|Neighbourhood Parliaments and Governance by People|
Neighbourhood Parliaments and Governance by People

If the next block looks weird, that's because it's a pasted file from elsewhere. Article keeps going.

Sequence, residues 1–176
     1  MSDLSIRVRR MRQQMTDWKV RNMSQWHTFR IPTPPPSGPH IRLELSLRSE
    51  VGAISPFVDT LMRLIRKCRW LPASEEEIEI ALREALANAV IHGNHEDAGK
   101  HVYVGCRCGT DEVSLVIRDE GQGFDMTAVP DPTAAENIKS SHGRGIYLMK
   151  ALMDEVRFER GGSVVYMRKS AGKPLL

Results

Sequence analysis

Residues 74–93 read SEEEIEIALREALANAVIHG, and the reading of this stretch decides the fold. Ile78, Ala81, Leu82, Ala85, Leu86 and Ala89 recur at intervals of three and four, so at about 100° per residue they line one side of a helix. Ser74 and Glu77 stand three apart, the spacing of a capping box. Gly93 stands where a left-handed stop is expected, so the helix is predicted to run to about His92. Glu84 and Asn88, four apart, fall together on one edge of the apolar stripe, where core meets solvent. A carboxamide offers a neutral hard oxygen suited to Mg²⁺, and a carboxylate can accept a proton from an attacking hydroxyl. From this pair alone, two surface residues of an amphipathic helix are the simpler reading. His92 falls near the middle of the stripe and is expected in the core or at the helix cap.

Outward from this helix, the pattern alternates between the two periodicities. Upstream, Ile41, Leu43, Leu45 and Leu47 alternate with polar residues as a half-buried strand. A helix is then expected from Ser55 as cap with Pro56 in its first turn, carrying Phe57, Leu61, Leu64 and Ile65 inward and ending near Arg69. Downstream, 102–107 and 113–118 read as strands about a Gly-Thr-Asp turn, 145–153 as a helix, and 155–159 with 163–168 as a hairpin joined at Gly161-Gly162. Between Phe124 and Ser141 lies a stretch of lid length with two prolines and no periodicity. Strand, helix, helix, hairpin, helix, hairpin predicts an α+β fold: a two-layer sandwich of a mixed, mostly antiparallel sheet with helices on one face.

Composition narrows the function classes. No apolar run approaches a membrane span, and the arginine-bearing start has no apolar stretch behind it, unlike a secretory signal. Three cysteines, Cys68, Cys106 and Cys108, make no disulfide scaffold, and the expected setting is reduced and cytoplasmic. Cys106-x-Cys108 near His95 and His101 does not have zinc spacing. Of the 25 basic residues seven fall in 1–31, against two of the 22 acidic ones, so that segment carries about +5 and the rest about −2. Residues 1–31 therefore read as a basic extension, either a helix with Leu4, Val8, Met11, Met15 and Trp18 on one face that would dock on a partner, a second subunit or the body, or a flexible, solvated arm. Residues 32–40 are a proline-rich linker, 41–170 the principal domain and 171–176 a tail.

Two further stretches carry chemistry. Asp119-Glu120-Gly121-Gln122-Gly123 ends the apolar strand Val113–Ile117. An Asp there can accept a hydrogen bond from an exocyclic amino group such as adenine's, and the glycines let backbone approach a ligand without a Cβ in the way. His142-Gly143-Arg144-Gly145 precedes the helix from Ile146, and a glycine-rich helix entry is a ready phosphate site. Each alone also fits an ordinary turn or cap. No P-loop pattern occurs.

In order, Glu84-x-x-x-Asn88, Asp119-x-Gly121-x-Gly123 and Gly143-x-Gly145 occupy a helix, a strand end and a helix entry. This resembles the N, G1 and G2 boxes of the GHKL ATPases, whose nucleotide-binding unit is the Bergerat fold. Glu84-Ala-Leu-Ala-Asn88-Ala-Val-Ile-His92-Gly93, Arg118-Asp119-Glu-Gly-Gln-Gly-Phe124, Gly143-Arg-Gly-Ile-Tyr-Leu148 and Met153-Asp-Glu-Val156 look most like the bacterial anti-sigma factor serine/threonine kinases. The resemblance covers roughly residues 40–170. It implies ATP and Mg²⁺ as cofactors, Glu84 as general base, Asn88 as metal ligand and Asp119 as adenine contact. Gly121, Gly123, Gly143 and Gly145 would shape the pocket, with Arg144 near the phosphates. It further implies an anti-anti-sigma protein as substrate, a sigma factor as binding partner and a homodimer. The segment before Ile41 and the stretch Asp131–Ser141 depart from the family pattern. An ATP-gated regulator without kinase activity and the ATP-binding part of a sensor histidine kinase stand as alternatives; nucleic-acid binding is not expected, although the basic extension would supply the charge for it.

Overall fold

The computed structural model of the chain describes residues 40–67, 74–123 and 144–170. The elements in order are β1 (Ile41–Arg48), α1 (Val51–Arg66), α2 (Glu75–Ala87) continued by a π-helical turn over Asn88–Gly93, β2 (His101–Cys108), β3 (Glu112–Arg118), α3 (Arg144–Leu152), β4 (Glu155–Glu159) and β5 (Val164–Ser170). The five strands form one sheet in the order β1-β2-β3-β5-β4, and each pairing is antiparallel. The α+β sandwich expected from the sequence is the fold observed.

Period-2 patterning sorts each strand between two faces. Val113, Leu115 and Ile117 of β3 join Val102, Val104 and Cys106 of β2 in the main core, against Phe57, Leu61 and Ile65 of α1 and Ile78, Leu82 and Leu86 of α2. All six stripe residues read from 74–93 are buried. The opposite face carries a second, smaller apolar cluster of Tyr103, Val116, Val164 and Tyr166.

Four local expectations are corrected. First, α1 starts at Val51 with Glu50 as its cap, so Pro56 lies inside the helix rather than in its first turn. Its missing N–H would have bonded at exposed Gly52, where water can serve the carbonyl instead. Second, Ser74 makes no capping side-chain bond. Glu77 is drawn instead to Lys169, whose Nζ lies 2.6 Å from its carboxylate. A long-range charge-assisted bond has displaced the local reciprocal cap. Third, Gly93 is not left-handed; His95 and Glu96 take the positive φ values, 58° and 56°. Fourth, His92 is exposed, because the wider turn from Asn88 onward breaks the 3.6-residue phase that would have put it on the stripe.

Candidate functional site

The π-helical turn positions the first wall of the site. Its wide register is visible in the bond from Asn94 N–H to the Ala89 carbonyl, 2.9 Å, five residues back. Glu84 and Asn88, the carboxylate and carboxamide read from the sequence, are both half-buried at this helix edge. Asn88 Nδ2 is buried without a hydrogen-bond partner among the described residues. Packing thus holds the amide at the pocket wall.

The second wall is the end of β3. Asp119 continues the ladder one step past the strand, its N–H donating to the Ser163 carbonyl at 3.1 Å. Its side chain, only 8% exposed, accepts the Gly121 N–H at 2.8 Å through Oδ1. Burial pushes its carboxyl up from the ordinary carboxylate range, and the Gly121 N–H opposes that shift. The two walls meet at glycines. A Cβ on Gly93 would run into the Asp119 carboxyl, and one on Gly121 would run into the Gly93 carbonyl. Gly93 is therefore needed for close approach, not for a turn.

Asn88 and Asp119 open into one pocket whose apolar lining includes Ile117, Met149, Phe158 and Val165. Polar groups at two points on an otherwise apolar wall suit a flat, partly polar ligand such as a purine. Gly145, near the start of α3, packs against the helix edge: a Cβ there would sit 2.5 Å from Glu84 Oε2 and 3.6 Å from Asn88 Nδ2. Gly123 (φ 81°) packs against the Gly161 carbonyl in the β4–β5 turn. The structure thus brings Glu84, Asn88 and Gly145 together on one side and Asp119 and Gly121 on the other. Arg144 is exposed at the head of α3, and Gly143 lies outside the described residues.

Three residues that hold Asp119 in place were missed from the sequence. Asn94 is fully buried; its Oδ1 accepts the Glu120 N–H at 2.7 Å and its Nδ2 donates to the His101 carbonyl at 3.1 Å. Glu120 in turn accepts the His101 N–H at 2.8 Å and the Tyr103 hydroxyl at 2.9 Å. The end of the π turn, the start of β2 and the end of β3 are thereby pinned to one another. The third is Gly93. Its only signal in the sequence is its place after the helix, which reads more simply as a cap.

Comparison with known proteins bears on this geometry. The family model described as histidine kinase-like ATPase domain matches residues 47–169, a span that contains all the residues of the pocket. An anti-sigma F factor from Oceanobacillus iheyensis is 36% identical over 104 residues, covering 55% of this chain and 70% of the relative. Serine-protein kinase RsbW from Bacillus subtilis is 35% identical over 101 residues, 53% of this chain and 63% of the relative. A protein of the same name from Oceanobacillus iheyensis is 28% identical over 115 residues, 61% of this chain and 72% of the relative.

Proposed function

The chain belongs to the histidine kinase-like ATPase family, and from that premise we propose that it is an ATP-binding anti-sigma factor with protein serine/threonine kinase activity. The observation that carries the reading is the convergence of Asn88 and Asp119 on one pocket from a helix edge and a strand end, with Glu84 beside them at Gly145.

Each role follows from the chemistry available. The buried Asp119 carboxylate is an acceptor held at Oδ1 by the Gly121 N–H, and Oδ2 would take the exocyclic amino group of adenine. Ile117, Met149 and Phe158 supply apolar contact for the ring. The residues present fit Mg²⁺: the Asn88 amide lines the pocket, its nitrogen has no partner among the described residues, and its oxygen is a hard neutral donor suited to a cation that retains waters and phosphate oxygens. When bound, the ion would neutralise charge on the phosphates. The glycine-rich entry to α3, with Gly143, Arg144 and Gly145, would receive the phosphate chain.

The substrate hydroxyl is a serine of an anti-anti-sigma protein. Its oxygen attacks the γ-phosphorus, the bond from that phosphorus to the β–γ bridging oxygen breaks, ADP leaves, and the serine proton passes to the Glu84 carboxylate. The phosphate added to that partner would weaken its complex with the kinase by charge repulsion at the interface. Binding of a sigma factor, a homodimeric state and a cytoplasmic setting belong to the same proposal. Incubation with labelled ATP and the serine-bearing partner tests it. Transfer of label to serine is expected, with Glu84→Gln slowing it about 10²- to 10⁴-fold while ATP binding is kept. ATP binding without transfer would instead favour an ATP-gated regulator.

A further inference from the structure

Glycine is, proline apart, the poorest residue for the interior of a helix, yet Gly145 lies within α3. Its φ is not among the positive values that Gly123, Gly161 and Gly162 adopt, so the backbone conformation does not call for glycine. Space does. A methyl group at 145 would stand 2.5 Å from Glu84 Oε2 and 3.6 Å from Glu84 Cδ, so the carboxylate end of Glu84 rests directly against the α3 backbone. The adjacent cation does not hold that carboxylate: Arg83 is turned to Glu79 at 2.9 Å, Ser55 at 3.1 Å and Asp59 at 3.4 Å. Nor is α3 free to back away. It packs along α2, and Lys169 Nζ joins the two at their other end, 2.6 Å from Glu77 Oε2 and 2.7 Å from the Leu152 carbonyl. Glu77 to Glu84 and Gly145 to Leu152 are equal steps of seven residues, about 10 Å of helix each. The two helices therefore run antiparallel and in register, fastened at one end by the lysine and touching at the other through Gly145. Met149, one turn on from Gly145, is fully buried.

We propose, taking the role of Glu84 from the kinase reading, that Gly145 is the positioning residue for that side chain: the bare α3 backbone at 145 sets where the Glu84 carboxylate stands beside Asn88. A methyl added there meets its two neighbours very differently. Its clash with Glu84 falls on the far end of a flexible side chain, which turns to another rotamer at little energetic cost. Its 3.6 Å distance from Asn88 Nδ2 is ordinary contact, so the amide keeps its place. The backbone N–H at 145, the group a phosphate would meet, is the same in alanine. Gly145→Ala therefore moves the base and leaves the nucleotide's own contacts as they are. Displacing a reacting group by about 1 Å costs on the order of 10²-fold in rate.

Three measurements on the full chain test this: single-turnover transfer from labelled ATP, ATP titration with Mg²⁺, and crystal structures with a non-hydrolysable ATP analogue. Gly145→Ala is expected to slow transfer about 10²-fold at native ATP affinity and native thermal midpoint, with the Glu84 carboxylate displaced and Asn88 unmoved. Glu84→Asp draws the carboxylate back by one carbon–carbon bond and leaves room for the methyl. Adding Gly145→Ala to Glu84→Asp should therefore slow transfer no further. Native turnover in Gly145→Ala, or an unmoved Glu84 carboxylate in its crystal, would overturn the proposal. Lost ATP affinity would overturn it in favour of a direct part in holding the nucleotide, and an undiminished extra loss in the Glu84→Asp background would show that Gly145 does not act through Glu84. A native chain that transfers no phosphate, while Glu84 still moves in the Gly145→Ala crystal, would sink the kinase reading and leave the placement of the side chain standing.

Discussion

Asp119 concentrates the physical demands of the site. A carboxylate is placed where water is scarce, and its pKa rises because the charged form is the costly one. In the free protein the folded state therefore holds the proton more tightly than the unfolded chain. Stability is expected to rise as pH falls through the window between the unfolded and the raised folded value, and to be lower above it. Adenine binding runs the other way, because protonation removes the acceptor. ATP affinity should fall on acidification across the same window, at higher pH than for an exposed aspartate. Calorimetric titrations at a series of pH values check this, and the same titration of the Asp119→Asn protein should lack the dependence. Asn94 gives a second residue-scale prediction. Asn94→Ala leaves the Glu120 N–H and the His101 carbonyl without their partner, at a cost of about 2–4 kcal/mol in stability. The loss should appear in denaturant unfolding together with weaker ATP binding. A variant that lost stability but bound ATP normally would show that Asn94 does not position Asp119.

Participation on the way-out? The much-touted word, “participation”, is fast loosing its glamour among social change agents. True, the concept had its heyday. In a world where only a few people determined the destiny of the world and where a vast majority of people felt alienated – socially, economically and in various other ways – the concept of a world where everybody is an equal partner in decisions that affect one, held its appeal. The dream is still valid. But the problem is one of the meanings and connotations the word evoked in the minds of certain people. And the meaning, theoreticians of semantics would say, is not in the word, but in the minds of the people - Right? The word, participation, itself tended to give, in the minds of certain people, a secondary role to people at large. “Participation for what?”; “Participation with whom?” Such were the questions they asked. Certain ill-oriented governments too could walk away, giving people just a token role at nearly the fag end of the implementation of programmes, and still boast that they ensured the participation of people! Such aspects of participation as getting the people themselves identify the problems and solutions, involving them in decision-making, etc. could easily be overlooked. Hence, the search for a more powerful word that would represent with more impacts the all-inclusive ideal of a participatory world.